I’ve been a veterinarian for 16 years and I’m quite an effective killing machine. I have a 100% success rate which is far better than Dr. Kevorkian and probably better than most assassins. My method of choice is lethal injection. It’s quick and apparently painless although none of my victims are capable of telling me otherwise.
I remember the first time I saw an animal being put to sleep. It was a big old black lab that had some sort of terminal disease. He laid on the floor, not moving except for the occasional heavy breath. The technician asked me if I was going to be okay and I said “yes” even though I wasn’t sure how I was going to react. The doctor gave the injection and within seconds the whole body became very still. The eyes glazed over and I didn’t need a stethoscope to know that the heart had completely stopped. I didn’t cry. I wasn’t even sad. I was frozen. Numb. Life had passed into death and instead of the walls crumbling and sirens blaring, there wasn’t even as much as a whimper. Wasn’t the ending of a life supposed to be more than that?
Since that time, I have euthanized more animals than I care to remember. Mostly dogs and cats but also a long line of pocket pets and birds. The number one reason I do it is because the animal is suffering; cancer, organ failure, severe joint disease, severe trauma and in some cases “old age” which is a term to describe declining quality of life at home. With many of the pets, it is clear that euthanasia is the best thing to do. I try to comfort the owners telling them that their pet isn’t going to get better. I tell them that if he or she were my pet, I would be doing the same thing. I tell them that, thankfully, we can end the pain in a calm, dignified and humane manner. It’s very important to not let the owners feel any quilt. Not let them feel like they are playing God. I tell them that I am very sorry. I’ve been through it myself with my pets and I understand what they are going through. Saying goodbye to a pet is a heartbreaking painful process and if you have ever experienced it, you know exactly what I am talking about.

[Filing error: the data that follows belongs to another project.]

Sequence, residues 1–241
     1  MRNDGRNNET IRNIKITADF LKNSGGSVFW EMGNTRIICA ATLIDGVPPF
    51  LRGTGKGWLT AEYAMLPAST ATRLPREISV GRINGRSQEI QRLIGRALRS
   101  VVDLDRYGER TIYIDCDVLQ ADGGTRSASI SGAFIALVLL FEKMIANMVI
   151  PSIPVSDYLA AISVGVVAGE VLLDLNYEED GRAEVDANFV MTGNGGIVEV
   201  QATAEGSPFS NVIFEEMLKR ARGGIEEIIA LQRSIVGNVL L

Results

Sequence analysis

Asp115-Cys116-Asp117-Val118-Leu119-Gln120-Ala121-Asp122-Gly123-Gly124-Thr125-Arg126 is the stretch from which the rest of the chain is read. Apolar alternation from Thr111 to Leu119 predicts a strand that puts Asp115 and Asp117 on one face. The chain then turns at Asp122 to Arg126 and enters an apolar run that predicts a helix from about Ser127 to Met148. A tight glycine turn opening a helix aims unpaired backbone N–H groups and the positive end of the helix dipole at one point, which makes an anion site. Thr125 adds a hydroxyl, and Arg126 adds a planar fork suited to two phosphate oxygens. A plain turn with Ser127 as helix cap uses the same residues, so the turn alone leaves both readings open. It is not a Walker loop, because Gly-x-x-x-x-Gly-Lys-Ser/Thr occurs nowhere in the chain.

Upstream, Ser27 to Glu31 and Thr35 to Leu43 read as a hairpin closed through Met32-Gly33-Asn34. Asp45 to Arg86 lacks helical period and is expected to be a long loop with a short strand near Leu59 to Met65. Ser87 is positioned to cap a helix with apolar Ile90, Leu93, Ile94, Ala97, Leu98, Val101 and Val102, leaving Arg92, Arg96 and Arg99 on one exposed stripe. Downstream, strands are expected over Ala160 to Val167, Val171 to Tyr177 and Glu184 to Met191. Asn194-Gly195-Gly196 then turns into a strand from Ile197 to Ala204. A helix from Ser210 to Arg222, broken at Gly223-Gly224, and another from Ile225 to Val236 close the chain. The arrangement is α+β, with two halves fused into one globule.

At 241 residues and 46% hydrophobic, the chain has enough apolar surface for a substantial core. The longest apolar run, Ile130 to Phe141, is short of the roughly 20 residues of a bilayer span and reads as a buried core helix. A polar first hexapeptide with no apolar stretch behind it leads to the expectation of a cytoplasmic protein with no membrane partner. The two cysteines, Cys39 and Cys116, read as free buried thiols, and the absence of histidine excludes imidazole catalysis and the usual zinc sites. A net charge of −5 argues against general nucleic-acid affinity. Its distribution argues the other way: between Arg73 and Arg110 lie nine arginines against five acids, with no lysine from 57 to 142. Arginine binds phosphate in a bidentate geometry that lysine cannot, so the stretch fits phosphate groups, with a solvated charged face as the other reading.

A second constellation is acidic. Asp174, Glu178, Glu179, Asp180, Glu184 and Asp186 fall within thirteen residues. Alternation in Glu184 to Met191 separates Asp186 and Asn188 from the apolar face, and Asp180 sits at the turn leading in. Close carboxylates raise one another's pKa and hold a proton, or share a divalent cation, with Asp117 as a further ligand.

After the decision has been made to say goodbye, I tell the owners about the process. If they want to be present, I insist on putting in a catheter (which is a direct access to the vein) because it helps everything go smoothly. The last thing the owners want to see is their dying pet getting poked multiple times because the vet can’t find a vein. I also sedate the pet and let the owners visit for as long as they want. Then I anesthetize the pet and inject the fatal solution. I admit it. I hate doing this. It’s usually very emotional and I’ve had some people literally collapse in hysterics or run through the hallways crying “Oh my God, oh my God!” The grief can be profoundly deep and even though we have offered to drive some people home, no one has taken us up on the offer.